The Ivory Coast international has been a formidable presence in Manuel Pellegrini's side this season, finding the net seven times in all competitions as City look to close the gap on league-leaders Arsenal.
Toure is one of four English-based players amongst this year's Ballon d'Or nominees and he says that his most crucial education in the game came whilst starting his career at Belgian side Beveren.
"At the academy, coach Jean-Marc Guillou was the teacher," he told France Football.
"He taught us how to play, but above all, how to understand football. Because football is a science. If you don't understand, you cannot reach the highest level.
"In football you have to be fit, above all in England. In Spain, sometimes you can walk or make long passes to get a short rest, but not here. I am a 30-year-old so I take care of my body to recover well.
"I admit I spend more time with coaches. Mancini and I exchanged many things. He knew I loved strategic and tactical work. The goal is not to leave any room for doubt or chance.
"I talk a lot with Pellegrini too. He understands what I like. I am a fanatic of this game and constantly looking for explanations, like a professor who wants to constantly complete his knowledge.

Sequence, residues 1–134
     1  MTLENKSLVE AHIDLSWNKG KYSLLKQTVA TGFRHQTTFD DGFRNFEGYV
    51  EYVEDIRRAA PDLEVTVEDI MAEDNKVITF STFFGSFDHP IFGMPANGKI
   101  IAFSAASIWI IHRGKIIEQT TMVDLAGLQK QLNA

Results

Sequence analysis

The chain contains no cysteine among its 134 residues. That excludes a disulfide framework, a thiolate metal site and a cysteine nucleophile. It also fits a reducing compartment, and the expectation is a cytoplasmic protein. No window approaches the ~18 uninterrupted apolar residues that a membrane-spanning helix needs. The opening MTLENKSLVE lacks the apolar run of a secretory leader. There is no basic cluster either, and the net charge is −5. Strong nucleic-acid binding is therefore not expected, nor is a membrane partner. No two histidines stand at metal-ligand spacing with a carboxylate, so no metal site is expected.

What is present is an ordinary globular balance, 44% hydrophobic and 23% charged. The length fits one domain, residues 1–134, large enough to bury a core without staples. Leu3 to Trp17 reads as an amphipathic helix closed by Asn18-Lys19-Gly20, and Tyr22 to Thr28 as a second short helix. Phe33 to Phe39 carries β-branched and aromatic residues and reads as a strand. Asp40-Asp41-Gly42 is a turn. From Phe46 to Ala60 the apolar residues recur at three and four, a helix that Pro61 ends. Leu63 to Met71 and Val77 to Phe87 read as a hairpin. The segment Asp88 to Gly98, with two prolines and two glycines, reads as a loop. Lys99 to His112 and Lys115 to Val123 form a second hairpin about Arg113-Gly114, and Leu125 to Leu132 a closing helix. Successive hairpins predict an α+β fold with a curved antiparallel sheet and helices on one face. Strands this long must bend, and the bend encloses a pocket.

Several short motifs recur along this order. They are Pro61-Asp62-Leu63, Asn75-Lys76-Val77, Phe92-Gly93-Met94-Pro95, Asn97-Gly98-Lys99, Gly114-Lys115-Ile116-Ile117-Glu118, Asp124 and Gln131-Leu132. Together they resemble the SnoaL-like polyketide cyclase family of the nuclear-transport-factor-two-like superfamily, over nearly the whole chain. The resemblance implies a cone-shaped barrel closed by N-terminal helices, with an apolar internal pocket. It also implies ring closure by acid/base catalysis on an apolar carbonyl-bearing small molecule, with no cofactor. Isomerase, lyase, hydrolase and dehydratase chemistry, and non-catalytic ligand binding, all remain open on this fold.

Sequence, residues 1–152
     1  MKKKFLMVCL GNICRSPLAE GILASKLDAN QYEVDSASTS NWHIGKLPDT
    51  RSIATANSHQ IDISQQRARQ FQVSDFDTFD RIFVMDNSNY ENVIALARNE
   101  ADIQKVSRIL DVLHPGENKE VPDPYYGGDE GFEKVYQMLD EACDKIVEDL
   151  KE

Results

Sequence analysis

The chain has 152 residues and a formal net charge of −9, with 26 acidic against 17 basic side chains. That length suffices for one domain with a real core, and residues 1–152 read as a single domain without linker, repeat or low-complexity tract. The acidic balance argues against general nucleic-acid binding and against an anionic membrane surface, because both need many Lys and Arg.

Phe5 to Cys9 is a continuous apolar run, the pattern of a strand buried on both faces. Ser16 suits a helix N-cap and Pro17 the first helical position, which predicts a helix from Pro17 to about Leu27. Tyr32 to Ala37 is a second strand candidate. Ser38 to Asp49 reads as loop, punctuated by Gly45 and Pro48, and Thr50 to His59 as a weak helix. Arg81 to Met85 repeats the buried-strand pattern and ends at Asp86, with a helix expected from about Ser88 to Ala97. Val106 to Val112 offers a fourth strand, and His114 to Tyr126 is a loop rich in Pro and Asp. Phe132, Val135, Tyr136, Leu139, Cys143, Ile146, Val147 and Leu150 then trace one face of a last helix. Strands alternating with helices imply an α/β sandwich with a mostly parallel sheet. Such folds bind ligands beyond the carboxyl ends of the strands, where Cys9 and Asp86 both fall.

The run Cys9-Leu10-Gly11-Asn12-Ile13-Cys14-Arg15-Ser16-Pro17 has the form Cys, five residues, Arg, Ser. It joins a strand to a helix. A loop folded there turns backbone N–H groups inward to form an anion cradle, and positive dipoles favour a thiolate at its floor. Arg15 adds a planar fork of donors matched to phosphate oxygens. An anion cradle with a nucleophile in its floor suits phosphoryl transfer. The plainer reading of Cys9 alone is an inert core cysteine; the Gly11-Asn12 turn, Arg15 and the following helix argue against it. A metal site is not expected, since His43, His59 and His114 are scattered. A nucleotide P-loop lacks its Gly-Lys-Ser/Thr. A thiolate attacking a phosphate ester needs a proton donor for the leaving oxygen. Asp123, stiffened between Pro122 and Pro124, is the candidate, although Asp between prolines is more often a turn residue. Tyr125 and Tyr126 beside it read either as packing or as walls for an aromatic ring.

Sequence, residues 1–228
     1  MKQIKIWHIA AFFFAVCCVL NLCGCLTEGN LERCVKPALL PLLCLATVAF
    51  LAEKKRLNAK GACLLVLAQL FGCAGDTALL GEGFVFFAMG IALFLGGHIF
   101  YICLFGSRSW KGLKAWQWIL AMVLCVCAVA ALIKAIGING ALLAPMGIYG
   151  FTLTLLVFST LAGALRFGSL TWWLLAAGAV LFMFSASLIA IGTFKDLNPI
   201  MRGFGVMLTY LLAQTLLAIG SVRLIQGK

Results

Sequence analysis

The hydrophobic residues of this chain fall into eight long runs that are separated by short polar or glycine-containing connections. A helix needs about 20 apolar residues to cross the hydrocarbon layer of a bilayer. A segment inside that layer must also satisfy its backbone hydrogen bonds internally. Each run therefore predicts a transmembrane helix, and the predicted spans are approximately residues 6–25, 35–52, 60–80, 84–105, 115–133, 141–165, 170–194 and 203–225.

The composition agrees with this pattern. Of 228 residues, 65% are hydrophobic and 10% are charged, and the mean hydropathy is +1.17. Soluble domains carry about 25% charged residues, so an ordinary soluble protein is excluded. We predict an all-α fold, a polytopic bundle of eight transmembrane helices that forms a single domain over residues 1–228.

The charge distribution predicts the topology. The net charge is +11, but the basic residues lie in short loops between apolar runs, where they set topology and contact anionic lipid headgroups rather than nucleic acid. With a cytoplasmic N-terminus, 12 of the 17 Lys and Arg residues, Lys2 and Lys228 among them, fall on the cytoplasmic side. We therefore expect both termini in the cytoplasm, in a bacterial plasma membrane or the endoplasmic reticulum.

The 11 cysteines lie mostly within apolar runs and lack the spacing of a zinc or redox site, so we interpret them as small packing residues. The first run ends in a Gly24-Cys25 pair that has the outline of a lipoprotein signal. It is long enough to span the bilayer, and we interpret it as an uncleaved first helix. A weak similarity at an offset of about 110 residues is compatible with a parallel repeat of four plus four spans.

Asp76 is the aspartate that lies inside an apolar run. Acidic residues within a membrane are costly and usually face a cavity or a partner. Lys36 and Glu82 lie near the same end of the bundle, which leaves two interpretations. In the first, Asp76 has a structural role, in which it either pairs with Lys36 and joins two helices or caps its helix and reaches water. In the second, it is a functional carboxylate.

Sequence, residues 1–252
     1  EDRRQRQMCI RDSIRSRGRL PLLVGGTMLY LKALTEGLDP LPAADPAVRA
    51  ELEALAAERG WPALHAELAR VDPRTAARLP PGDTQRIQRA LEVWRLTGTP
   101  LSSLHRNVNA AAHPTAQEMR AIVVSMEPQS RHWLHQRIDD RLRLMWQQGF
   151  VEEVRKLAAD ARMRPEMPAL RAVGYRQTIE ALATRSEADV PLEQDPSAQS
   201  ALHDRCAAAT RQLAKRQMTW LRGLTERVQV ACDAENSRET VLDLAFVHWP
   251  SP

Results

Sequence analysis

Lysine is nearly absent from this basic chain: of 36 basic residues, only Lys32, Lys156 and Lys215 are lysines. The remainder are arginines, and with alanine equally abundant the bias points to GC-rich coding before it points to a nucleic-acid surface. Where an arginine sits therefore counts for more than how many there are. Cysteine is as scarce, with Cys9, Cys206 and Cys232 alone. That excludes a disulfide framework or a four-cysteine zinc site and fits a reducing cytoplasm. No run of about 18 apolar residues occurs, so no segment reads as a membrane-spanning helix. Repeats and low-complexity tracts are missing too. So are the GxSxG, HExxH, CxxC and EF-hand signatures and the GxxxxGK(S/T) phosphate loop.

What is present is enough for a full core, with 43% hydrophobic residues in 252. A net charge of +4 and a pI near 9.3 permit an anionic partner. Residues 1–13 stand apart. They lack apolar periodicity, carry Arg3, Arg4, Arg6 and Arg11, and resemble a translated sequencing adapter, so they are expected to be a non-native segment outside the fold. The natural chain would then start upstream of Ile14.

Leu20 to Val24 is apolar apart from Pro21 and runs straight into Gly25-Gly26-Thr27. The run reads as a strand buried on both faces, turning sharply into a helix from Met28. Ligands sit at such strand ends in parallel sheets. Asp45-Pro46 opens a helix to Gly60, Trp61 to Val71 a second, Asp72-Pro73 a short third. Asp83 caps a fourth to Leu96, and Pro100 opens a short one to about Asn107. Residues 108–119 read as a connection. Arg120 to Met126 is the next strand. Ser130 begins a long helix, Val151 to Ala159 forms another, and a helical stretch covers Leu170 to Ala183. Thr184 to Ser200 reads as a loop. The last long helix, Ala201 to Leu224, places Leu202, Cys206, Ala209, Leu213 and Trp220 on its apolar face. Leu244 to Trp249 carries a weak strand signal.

"For me, football is primarily a science. A bit like physicists who try throughout their careers to crack a scientific code, I'm trying to break all the mysteries of football."
Toure also spoke of another key moment in the early stages of his career following a discussion with Arsenal boss Arsene Wenger.
"I remember a trial period I did at Arsenal when I was under contract at Beveren," he explained.
"Arsene Wenger told me: 'I can't see you as a defensive midfielder.' I replied: 'I want to be like Patrick Vieira.'
"He finally told me: 'You would be much more at ease to support a forward.' He told me staying in the midfield would be a mess.
"But I was convinced a bit back then that I could blossom. Probably because it would allow me to be just like Patrick Vieira, my idol."